Note: Juniors will be running the Stamina Course instead of the Endurance Course. Unless I’m wrong, the S-Course is just the “combat obstacle” section of the E-Course, so the E-Course looks like:

E-Course: O-Course run, 3-mile run with boots/utes/gear/rifle, Stamina Course

For the Stamina Course specifically, you will be low crawling under barbed wire (one dry and one wet obstacle) and will have to negotiate a series of hurdles going over one and under the next and so forth. A rope-assisted climb up a small embankment, commando crawl, a cargo net climb, a run through the muddy water of smelly gully next to the quigley, and two fords (one to chest level) wind out the event.

14 comments on “OCS Physical Training Guide

  1. Carter Dunham says:

    Thanks for the info. I’m leading OCS PT for the guys who still have to go and I couldn’t remember some of the PTs we did at OCS. All the different courses kind of melt into one in your mind. Thanks. Semper Fi.

  2. justin r says:

    hey thanks so much for your website. its soo helpful.

    I am leaving june 3 for PLC Combined. I am excited/anxious but anyways, having no prior experience with the military at all I was just wondering if you have any tips as far as the obstacle and endurance courses. I have never climbed a rope or done a college roll?? just wondering, any info would be great….

  3. Hey it’s great to have nervous energy. I’m sure you are well-prepared if you have been following the advice on the blog.

    I had never done a college boy roll or climbed a rope before but they teach you very well there. If you can’t try to figure it out ahead of time, then I would not be worried at ALL.

    If you have trouble rope climbing while there, you can get extra classes/practice sessions while at OCS called remedials. Don’t worry about it–you will probably be sick of the ropes and obstacle course while getting all that “practice” at OCS

  4. PARKER, CHASE says:



  5. Lieutenant says:

    Oorah, I like to hear that! I recommend studying the academics. I have pdfs attached on this website to multiple chapters, which will give you a leg up. If you are academically and physically prepared for OCS, you have a much better chance of success.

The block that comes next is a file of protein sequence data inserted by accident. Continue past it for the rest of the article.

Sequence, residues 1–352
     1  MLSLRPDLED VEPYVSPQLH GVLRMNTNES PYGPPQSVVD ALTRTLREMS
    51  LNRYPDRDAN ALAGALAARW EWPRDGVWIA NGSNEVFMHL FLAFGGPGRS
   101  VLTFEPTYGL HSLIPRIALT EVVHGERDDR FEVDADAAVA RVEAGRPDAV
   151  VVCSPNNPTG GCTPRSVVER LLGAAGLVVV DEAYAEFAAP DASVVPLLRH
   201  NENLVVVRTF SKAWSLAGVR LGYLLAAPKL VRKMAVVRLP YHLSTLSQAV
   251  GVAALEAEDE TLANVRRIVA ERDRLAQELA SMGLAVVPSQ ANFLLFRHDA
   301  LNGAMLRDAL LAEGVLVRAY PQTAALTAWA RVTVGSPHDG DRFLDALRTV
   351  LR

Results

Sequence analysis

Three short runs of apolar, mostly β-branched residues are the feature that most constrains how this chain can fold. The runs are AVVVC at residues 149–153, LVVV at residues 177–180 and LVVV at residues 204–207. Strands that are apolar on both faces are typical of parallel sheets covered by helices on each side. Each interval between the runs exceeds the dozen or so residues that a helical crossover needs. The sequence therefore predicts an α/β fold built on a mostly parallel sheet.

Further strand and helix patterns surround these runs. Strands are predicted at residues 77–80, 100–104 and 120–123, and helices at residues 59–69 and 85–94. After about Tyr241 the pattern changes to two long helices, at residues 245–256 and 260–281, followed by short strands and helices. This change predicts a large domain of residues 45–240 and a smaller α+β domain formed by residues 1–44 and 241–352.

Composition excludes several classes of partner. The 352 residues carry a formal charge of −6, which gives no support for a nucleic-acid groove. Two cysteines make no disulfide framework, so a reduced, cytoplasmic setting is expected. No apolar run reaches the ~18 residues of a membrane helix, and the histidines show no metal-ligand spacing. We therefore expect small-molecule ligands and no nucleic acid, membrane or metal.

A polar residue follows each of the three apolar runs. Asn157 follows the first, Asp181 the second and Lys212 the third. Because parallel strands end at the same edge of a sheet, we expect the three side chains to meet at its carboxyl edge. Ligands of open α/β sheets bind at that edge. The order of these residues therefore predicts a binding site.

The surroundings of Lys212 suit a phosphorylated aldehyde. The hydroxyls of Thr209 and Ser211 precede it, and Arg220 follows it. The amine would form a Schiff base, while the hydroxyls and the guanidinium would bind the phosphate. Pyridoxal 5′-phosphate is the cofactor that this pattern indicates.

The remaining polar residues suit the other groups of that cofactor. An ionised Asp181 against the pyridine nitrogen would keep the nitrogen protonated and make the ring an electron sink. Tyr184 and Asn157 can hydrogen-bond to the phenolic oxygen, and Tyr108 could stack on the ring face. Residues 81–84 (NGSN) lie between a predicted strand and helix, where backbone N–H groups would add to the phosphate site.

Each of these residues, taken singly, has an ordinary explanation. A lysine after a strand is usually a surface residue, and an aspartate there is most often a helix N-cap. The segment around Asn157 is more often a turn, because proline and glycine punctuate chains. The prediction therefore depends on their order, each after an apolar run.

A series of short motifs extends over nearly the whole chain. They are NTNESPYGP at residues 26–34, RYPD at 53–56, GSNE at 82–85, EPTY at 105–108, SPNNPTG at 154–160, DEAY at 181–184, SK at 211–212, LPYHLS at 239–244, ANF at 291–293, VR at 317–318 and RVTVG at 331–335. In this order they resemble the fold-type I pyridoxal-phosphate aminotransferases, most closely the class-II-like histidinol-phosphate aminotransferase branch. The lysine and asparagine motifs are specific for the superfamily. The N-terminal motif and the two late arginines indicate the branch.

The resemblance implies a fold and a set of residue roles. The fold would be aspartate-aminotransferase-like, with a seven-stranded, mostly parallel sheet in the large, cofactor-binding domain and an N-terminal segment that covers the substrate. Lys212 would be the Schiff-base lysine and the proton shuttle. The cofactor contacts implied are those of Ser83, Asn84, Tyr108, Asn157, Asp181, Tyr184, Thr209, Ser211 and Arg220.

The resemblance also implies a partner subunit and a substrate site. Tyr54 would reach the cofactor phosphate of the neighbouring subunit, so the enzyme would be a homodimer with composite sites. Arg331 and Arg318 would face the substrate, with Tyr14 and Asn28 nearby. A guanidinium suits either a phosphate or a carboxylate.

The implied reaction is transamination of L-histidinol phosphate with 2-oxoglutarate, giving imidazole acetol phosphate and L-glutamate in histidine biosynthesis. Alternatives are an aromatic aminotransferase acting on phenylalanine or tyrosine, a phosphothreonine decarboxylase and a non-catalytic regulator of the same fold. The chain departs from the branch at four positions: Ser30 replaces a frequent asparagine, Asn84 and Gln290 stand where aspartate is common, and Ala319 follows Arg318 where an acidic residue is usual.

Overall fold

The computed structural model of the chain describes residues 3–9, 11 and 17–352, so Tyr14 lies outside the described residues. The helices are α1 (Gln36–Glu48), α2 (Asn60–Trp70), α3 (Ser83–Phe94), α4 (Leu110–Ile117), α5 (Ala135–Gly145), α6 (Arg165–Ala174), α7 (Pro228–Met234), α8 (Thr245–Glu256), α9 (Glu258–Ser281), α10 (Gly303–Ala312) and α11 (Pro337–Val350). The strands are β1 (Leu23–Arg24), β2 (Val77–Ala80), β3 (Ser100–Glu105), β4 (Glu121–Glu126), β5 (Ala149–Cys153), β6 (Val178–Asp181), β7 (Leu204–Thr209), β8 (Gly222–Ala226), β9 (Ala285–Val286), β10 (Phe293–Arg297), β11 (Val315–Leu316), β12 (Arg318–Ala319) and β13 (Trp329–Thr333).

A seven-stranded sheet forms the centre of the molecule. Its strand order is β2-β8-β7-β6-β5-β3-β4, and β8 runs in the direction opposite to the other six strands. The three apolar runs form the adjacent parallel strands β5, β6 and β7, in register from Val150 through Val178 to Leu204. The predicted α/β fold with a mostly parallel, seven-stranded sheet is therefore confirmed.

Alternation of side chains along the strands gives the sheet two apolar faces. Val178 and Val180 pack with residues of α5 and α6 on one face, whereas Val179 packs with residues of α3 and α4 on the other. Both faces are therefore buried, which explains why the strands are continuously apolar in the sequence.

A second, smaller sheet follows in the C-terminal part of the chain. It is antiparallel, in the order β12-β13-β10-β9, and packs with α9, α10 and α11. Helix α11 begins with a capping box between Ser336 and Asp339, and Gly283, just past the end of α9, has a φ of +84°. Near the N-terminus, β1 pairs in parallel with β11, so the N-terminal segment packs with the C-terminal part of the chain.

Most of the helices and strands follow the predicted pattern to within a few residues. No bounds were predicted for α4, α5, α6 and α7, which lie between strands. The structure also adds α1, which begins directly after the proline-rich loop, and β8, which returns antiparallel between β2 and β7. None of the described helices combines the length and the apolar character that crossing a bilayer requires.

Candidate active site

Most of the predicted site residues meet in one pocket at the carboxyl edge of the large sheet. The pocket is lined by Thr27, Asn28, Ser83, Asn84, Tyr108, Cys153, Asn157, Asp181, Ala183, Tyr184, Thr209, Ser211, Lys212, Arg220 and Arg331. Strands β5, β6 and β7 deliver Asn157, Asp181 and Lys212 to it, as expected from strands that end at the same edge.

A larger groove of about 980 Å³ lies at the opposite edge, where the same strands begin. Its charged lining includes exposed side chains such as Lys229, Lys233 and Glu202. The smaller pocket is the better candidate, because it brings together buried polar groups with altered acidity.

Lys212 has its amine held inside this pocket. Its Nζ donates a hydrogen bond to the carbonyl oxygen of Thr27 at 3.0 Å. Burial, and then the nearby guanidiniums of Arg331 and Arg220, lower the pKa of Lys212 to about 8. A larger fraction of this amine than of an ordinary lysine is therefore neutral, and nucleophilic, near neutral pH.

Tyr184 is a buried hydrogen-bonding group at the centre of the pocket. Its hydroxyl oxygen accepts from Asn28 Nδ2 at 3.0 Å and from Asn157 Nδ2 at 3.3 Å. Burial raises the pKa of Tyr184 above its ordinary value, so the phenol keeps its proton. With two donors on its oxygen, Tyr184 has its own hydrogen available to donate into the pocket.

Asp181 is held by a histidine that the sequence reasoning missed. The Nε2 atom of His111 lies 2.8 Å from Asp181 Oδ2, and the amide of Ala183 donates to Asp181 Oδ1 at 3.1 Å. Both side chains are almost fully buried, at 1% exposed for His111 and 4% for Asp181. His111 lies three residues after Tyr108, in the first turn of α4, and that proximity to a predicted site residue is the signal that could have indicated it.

Good luck!

  6. Shannon Stanley says:

    Hey Everyone,

    Just graduated college and I’ve always wanted to be a Marine. I’m still getting all my paperwork stuff straight for OCS and I wanted to say thanks to ya’ll for posting this info…I’m sure I’ll have questions to follow.

    Semper Fi,

  7. Andrew says:

    Hey, I found this website EXTREMLY helpful for info on what to expect and I just wanted to thank you and ask another question. I know I want to join the Marines I’ve always wanted to so it’s gunna happen. I’m just caught in between Officer and Enlisted (if I have the option) I just wanted to know which course I should take because honestly my head is being yanked everywhich way. I guess my main problem i would have with going in straight out of college is having not earned it really by having been lead first. Please get back to me on this.

    Semper Fi


  8. Andrew, my platoon commander at OCS and even several current officer friends of mine felt the same way as you. The great solution they came up with was to enlist in the Reserves, go through enlisted boot camp and get a taste of that, then go through college while in the Reserves. Then commission after college, and have that prior experience without losing too much time.

    That’s one solution I recommend. Try talking to as many enlisted and officers as you can to get input before making these life-altering decisions.

  9. SRollins says:


    Thank you again for the information. I’m shooting for OCC 207 in June. Luckily, I’ve had the opportunity to practice a few run-throughs on the O-Course at Ft. Meade. That being said, parts of it are challenging for me (the bars/chicken-winging it over). Also, I’m worried about my time. What if a candidate does not get through the O-Course in the maximum amount of time, even after remedial practice? I do not hope this is the case, but would like to know anyways. This question goes for all of the courses. Thank You!


  10. Stephanie Whiting says:

    This blog is incredible. I am going to OCS in October, so I will use these workouts as part of my routine. Wish there was information from a female perspective (since I am one), but overall extremely helpful.

  11. Hi Stephanie, Click on the [Female Candidates] link along the right sidebar on my new blog at http://usmcocs.wordpress.com/. If you need any info or have any questions, speak up!

  12. Craig Jackson says:


    All this information has been hugely helpful in preparing for OCS. I will be leaving in June for first term of PLC, but I also play college football and as spring workouts commence my exercise has been almost entirely sprints and heavy lifting with our trainers. I have been trying to get some distance runs in from time to time but it beats up my legs pretty badly to be working long runs in between two football workouts a day. Any recommendations on how I can maintain my cardiovascular fitness while balancing football? Any tips would be appreciated. Thank you.